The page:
Monday, May 01, 2017

Simulated image of an accreting black hole | European Southern Observatory

The event horizon is in the middle of the image, and the shadow can be seen with a rotating accretion disk surrounding it.

In general relativity, an event horizon is a boundary in spacetime beyond which events cannot affect an outside observer. In layman's terms, it is defined as the shell of "points of no return", i.e., the points at which the gravitational pull becomes so great as to make escape impossible, even for light. An event horizon is most commonly associated with black holes. Light emitted from inside the event horizon can never reach the outside observer. Likewise, any object approaching the horizon from the observer's side appears to slow down and never quite pass through the horizon, with its image becoming more and more redshifted as time elapses. This means that the wavelength is getting longer as the object moves away from the observer. The traveling object, however, experiences no strange effects and does, in fact, pass through the horizon in a finite amount of proper time. (Source: Wikipedia)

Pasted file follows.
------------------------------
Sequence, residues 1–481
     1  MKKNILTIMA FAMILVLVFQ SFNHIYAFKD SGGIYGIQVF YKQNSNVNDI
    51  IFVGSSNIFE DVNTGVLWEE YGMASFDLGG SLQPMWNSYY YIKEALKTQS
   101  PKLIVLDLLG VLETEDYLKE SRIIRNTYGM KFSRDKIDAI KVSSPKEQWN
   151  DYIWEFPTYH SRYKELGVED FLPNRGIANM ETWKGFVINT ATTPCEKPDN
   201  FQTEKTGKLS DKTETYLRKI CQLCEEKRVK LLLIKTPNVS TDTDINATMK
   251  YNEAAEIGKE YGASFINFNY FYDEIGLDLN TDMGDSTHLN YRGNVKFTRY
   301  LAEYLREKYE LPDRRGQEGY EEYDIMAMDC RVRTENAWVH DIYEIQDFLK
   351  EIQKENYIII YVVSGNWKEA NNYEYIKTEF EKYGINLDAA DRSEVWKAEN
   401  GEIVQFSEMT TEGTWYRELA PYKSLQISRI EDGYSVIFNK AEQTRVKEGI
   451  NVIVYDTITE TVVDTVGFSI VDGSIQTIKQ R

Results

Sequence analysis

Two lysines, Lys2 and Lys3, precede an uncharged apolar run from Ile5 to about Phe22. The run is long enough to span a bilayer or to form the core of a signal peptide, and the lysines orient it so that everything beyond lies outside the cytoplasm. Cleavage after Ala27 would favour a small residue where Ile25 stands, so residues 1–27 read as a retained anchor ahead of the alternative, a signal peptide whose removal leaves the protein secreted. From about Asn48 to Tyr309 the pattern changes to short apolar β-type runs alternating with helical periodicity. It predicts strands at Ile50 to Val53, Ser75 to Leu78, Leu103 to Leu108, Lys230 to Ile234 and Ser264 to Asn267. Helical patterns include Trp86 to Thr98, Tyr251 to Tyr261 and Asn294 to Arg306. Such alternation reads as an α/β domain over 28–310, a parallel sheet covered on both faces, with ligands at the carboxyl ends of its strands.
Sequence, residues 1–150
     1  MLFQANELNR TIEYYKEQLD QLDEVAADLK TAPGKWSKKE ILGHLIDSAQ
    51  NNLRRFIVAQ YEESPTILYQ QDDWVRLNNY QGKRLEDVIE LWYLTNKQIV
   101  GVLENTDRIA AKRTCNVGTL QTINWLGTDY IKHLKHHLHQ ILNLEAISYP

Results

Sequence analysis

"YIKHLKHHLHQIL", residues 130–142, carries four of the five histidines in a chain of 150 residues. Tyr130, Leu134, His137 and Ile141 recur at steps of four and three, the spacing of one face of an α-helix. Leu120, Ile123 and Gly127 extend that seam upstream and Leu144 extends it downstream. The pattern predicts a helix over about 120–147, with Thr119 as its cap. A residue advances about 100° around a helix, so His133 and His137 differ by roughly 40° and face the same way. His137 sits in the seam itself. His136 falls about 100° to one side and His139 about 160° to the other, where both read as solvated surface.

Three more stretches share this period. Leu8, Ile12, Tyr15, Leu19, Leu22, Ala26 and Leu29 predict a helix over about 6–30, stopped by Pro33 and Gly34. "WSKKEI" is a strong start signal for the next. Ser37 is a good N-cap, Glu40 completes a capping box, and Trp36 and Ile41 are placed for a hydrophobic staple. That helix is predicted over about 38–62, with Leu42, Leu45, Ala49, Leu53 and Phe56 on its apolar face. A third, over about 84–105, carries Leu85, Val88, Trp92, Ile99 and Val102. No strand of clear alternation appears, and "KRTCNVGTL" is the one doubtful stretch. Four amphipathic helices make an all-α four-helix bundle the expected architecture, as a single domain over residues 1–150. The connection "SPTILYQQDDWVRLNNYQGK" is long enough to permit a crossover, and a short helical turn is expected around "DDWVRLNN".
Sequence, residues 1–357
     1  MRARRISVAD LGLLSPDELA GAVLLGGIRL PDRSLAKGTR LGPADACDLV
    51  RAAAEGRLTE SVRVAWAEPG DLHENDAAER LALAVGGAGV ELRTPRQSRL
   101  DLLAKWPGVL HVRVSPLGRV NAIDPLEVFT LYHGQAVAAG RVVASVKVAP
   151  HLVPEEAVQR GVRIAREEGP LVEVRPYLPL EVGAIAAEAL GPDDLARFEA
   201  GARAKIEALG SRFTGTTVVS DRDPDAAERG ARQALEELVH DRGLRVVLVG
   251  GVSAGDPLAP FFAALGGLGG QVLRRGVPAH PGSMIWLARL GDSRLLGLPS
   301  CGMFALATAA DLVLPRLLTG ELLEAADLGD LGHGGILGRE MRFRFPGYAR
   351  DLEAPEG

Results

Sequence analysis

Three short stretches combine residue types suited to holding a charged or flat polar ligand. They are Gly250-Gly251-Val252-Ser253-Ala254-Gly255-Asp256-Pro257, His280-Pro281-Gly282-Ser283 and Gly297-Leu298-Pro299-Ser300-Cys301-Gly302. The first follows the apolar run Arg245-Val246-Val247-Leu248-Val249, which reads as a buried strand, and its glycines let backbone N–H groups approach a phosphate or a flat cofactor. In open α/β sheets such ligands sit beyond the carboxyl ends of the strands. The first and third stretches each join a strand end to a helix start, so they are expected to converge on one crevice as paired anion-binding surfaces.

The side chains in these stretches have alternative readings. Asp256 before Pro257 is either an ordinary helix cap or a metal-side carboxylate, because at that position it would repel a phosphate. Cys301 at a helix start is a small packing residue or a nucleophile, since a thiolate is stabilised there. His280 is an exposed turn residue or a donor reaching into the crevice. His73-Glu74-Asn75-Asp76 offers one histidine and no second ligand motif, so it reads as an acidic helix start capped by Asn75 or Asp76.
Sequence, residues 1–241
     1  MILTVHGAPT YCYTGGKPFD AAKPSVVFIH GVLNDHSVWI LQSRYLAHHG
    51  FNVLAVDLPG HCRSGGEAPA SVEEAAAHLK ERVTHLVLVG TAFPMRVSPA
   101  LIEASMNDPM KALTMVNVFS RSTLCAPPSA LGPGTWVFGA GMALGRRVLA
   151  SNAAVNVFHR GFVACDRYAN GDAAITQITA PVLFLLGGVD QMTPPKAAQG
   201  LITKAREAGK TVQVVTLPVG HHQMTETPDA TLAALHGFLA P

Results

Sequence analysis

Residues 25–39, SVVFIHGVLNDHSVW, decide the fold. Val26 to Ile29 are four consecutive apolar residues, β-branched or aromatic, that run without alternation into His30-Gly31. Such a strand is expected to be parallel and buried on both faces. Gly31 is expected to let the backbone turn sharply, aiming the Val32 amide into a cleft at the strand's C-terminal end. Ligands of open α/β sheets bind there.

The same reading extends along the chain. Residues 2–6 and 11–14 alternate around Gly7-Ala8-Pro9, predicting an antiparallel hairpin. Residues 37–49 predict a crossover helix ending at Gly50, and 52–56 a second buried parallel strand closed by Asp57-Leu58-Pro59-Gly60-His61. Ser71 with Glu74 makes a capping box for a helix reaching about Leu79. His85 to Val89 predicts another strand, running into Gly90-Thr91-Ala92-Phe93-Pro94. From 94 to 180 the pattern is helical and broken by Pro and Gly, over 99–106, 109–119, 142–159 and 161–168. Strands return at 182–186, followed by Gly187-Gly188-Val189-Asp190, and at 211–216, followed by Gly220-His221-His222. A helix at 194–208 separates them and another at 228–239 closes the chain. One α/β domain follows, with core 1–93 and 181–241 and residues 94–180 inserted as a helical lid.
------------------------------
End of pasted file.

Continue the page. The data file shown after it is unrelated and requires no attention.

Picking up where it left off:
Credit: Bronzwaer/Davelaar/Moscibrodzka/Falcke/Radboud University
Acknowledgement: European Southern Observatory (ESO)

#ESO #Astronomy #Science #Space #BlackHole #Supermassive #Simulation #EventHorizon #Theory #Relativity #GeneralRelativity #Einstein #Astrophysics #Physics #Cosmos #Universe #STEM #Education #Visualization

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